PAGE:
California Voters Approve Gig Drivers’ Independent-Contractor Status

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Car with Uber and Lyft stickers

California voters passed Proposition 22, which will allow gig-economy companies such as Uber and Lyft to classify app-based drivers as independent contractors, despite a strict new law that a court said made such drivers employees.

Employees are entitled to minimum wage, overtime pay and other benefits that are not generally provided to independent contractors. In California, employees are also entitled to business-expense reimbursement. So the companies would have to significantly change their business models if they were required to reclassify drivers as employees.

"This is a huge win for digital platforms," said Katherine Catlos, an attorney with Kaufman Dolowich & Voluck in San Francisco. "The passage of Proposition 22 reflects the balance between innovation and protections for gig workers who are not full-fledged employees under California law."

Opponents of Proposition 22, however, said that the measure will allow companies to deny drivers California employment benefits, such as paid sick leave, workers' compensation and unemployment compensation.

Jesse Jauregui, an attorney with Alston & Bird in Los Angeles, said legal pushback may continue. "But Proposition 22 sets the tone for other states to follow in recognizing gig workers as a central part of today's economy and the future of work."

Business Model Challenged

Uber and Lyft representatives have stressed that most drivers want the flexibility that their independent-contractor business models provide. "As an employer, however, Uber would be forced to actively manage drivers' schedules, hiring a specific number of employees based on a baseline volume of consistent business," said Uber Chief Executive Officer Dara Khosrowshahi. "Uber would hire fewer drivers to each do more trips and require them to work a certain number of hours."

California officials have said that drivers are denied important benefits. "Drivers incur substantial expenses when they work," said San Francisco Deputy City Attorney Matthew Goldberg during a court challenge to Uber's and Lyft's business models. Drivers pay for gas, vehicle repairs and maintenance, and other expenses.

"Just looking at that, it impacts every single driver on every single shift," Goldberg said. He argued that money is "being stolen from drivers by virtue of the misclassification."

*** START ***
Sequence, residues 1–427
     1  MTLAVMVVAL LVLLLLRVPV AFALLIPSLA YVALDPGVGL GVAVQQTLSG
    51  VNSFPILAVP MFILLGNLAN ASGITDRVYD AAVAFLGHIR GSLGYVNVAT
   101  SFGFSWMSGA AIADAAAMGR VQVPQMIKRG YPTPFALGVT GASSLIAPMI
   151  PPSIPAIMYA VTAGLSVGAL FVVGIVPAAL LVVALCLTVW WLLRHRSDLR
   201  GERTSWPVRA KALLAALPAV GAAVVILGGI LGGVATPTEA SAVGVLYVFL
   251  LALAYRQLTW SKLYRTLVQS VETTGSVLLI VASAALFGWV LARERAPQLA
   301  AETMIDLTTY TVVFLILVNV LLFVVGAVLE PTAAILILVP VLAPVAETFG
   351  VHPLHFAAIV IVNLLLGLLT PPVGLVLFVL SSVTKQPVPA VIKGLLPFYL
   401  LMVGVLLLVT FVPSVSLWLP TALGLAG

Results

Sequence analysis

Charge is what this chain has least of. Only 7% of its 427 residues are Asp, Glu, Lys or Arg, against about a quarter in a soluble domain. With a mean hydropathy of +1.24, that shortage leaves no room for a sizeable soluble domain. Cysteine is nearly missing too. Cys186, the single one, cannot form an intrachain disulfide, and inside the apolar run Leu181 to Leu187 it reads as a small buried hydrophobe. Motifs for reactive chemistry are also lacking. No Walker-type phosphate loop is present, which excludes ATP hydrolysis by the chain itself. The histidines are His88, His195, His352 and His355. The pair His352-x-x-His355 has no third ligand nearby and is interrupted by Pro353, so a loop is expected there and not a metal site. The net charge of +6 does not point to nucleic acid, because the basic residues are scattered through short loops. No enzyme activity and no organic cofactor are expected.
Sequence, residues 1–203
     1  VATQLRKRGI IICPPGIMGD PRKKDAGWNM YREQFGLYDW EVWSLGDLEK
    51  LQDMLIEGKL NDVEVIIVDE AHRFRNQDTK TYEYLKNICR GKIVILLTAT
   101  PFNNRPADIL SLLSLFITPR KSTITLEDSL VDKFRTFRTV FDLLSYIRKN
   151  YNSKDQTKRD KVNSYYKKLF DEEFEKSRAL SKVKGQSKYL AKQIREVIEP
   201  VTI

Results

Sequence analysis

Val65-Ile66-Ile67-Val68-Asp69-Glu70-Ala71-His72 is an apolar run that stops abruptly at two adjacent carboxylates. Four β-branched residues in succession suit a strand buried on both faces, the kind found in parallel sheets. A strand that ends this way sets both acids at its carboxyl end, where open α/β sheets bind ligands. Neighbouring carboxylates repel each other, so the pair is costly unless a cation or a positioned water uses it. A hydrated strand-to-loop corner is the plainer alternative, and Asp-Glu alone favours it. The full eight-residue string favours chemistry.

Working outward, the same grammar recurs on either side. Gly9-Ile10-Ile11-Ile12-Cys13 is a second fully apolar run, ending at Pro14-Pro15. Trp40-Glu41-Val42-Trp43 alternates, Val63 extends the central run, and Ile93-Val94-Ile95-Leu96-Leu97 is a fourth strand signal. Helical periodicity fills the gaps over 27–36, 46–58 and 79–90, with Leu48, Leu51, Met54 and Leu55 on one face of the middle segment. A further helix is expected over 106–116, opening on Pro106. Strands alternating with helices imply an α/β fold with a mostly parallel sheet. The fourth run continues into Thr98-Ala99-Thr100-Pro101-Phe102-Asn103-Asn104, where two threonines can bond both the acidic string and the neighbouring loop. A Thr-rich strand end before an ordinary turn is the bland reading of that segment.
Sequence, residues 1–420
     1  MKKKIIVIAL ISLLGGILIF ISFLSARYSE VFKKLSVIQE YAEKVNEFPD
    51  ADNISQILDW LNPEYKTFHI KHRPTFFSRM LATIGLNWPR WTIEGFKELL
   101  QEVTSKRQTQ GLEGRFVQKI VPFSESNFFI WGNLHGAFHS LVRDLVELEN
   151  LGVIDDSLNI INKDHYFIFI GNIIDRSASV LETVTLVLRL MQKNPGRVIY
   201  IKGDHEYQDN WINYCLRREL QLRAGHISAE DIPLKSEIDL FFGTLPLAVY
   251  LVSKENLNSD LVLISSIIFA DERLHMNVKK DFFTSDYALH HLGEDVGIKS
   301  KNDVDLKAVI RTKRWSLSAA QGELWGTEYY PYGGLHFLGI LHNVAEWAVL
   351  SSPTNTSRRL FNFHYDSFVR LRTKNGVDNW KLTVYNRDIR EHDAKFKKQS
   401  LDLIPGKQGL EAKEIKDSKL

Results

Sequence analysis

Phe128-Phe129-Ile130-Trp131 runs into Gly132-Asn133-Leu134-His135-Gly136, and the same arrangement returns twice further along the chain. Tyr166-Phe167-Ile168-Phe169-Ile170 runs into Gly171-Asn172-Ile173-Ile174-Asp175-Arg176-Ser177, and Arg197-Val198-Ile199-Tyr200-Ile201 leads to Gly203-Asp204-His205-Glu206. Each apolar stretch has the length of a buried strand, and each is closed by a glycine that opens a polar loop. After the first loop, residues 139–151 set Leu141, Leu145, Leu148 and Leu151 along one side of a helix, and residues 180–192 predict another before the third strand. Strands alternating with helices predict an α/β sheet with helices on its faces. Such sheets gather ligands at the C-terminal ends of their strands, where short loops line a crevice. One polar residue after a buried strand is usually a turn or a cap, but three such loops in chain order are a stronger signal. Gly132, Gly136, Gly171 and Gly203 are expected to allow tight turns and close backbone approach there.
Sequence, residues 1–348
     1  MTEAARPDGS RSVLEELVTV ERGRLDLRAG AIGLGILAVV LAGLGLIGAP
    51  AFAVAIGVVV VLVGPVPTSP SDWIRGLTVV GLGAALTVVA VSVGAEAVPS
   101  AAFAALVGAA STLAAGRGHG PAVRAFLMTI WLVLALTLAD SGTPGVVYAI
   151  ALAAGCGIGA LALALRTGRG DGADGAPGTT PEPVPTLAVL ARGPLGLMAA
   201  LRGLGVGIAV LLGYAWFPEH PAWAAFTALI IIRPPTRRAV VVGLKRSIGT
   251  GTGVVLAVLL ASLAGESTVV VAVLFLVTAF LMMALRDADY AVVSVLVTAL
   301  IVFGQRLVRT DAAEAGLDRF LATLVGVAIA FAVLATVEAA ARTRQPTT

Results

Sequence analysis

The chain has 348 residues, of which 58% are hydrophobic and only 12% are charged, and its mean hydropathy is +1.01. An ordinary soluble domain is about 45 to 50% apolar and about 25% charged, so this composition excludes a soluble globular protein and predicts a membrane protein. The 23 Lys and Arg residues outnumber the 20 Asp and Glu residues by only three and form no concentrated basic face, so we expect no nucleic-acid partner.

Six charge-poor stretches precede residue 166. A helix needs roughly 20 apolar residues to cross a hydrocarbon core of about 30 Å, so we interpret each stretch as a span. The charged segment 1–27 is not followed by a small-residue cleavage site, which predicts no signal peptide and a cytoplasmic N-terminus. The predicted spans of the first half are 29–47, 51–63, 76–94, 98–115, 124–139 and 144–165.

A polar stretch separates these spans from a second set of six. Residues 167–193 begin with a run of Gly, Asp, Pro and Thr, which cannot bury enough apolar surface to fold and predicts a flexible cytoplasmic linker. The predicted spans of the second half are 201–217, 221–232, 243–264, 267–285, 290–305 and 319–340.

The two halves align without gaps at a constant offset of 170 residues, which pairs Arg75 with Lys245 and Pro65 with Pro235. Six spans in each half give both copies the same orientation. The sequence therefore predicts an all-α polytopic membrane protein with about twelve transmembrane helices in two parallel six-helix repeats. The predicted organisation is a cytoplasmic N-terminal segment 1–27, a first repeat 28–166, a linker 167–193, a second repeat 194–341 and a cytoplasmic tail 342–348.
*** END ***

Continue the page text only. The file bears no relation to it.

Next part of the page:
A trial court judge in San Francisco issued a preliminary injunction on Aug. 10 blocking Uber and Lyft from continuing to classify drivers as independent contractors under the state's employment laws, and on Oct. 22, a state appeals court upheld the injunction.

California voters, however, had a chance to weigh in on the issue before the injunction took effect, and they decided that drivers should remain independent.

Proposition 22

Uber, Lyft, and several grocery and food delivery services secured enough signatures to get the gig-worker classification issue on the ballot. Specifically, California voters got to decide whether drivers for app-based delivery and ride-hailing services should continue to be classified as independent contractors. App-based drivers were defined on the ballot as workers who do one of two things:

  • Provide delivery services on an on-demand basis through a business's online-enabled application or platform.
  • Use a personal vehicle to provide prearranged transportation services for compensation through a business's online-enabled application or platform.

The ballot measure called for app-based drivers to receive certain benefits, including:

  • Minimum net earnings of 120 percent of the state's or locality's minimum wage and 30 cents per mile.
  • Health care subsidies.
  • Occupational accident insurance.
  • Accidental death insurance.

Under the measure, companies will have to develop anti-discrimination and sexual harassment policies, and drivers will be limited to working 12 hours during a 24-hour period.

The 'ABC Test'

Effective Jan. 1, AB 5 codified a 2018 California Supreme Court decision that created a three-pronged test, called the "ABC test," to determine whether a worker should be classified as an employee or independent contractor.

The test used prior to the ABC test was a multifactor analysis that primarily focused on who exerted control over the work. But under the ABC test, all three of the following factors must be met for a worker to be properly classified as an independent contractor:

  • The worker is free from the control and direction of the hiring entity in connection with the performance of the work, both under the contract for the performance of the work and in fact.
  • The worker performs tasks that are outside the usual course of the hiring entity's business.
  • The worker is customarily engaged in an independently established trade, occupation or business of the same nature as the work performed for the hiring entity.

AB 5 applies to all provisions of the California Labor Code and Unemployment Insurance Code unless another definition of "employee" is provided. The statute "is intended to ensure that all workers who meet its criteria receive the basic rights and protections guaranteed to employees under California law," said California Superior Court Judge Ethan Schulman.

Under Proposition 22, app-based drivers will now be exempt from AB 5. Employers should note that there are other exceptions to AB 5 for various categories of workers. "HR professionals should consult with their in-house and outside counsel to determine if any of those exceptions apply to any of their employees or service providers," Jauregui said.

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